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Tom Sullivan, Editor-in-Chief, Healthcare IT News
We saw with the Sony hack that when attackers find health data they’re likely to steal it
The Pentagon confirmed late Thursday that Russian hackers penetrated the Defense Department’s IT networks and gained access to Joint Chiefs of Staff email servers.
As has become the norm for government and private sector institutions immediately following an attack, the DoD labeled this incident “a sophisticated cyber intrusion” that was “clearly the work of a state actor” employing “new and unseen approaches” and the agency reacted by shutting down email. The system has been offline for about two weeks.
Multiple news outlets are reporting DoD claims that the hackers did not crack into any classified networks but did manage to steal approximately 4,000 records.
Was any protected health information, personally identifiable information or other health data in there? Too soon to tell.
It might seem a stretch to think that Russian attackers, whether a government team sanctioned by President Vladimir Putin or as some reports suggest the hacking group APT29, would infiltrate the DoD in search of health data rather than military secrets but that’s not to say they couldn’t have stumbled onto PHI or PII.
A quick look back at the Sony hack, in fact, demonstrates how that is a real possibility. That incident was also originally branded as sophisticated and undertaken by a nation-state, in Sony’s case, Korea. It’s reasonable to believe the attackers did not set out in search of health data. That was ostensibly tied to the Christmas release of The Interview, a controversial film depicting Korea’s supreme leader Kim Jong-un in an unflattering light.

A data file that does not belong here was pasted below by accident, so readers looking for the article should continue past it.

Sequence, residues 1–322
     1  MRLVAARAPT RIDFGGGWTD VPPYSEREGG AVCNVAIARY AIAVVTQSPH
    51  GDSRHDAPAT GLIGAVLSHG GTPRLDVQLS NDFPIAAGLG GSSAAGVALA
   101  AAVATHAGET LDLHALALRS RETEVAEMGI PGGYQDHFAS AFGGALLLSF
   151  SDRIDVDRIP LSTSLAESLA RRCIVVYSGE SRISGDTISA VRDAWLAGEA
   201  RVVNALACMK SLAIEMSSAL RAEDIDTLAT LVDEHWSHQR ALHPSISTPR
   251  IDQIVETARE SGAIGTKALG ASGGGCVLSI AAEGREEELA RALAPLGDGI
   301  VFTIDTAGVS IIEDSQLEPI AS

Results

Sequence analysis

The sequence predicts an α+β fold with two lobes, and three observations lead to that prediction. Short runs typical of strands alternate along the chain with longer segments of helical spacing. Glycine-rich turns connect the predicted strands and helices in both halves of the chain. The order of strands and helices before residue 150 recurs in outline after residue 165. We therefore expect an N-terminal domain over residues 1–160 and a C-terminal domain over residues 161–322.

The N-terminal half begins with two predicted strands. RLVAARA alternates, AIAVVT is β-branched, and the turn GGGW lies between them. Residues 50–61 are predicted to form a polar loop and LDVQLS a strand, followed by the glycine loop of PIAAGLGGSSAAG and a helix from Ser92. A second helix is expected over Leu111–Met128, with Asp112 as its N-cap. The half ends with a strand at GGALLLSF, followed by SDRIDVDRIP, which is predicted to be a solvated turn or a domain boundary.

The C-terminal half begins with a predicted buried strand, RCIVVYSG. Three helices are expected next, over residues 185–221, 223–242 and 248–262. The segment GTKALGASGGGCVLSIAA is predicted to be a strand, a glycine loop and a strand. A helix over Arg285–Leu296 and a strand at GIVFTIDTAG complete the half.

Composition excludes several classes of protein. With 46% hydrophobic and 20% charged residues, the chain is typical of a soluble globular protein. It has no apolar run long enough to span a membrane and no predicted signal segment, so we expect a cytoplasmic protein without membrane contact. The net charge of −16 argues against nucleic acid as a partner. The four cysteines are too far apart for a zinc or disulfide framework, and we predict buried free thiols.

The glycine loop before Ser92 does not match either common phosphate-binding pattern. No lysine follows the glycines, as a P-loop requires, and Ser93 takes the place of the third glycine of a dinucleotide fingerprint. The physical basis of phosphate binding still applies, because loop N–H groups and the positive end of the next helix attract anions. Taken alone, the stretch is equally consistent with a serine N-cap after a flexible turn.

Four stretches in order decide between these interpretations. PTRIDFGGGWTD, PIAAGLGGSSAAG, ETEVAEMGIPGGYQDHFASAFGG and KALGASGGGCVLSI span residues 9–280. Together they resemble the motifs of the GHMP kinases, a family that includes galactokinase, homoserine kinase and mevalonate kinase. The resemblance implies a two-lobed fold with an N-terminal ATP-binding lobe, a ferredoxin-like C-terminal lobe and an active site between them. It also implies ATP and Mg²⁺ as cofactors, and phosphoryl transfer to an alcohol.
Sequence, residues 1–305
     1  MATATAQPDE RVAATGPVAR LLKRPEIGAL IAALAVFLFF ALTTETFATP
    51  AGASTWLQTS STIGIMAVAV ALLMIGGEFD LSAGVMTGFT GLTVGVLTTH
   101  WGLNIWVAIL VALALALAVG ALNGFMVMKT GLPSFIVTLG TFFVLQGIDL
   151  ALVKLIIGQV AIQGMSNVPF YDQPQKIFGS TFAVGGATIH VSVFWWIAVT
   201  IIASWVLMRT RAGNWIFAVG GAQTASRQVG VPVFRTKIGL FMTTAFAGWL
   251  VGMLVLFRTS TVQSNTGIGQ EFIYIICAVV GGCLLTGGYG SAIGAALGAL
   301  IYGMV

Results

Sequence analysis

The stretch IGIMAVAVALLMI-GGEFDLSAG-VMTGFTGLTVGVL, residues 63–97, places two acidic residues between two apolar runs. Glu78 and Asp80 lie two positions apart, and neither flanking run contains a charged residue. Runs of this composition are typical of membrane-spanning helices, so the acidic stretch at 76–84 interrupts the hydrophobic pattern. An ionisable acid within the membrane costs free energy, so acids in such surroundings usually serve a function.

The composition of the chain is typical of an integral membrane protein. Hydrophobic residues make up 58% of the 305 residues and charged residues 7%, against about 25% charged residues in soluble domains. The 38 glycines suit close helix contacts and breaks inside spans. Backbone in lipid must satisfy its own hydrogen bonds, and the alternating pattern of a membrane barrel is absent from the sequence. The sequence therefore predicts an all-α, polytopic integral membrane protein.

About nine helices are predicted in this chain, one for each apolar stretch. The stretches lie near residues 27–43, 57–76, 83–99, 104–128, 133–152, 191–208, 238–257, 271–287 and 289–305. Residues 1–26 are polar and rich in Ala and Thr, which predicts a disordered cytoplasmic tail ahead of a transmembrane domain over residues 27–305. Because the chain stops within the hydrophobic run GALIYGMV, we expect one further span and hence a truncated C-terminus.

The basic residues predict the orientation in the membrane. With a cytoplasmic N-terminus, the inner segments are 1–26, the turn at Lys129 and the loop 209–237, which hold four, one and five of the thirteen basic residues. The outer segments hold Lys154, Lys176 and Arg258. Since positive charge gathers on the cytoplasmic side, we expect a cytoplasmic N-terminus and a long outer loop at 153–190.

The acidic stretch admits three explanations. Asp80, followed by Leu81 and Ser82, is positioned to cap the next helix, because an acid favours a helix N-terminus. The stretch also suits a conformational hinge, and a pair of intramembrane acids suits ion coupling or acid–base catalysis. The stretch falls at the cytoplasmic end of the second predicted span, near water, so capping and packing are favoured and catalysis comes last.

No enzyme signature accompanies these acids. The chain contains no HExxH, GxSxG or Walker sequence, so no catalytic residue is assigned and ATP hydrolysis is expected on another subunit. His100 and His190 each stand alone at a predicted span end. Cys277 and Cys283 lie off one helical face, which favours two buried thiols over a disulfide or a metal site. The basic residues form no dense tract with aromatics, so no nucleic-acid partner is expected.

But in the aftermath of the Sony attack, we learned that the cyberthieves tucked health data of more than three dozen Sony employees under their arms on the way out the virtual door. Personally identifiable information included, among other documents, a spreadsheet carrying birth dates, gender, health conditions, and medical costs for 34 employees and their families.
Could the same thing that happened at Sony, wherein attackers went in for one reason but found and stole health data anyway, happen at the DoD? Absolutely possible.
We’re talking about criminals and, with the World Privacy Forum estimating health records to be worth as much as 50 times the value of financial records on the black market, it’s not at all a stretch to envision attackers stealing that data for money or other nefarious purposes.
The new reality: Any organization that offers health benefits to its employees and communicates about them via email is susceptible to a cyber attack on health data – it’s not just HIPAA Covered Entities anymore.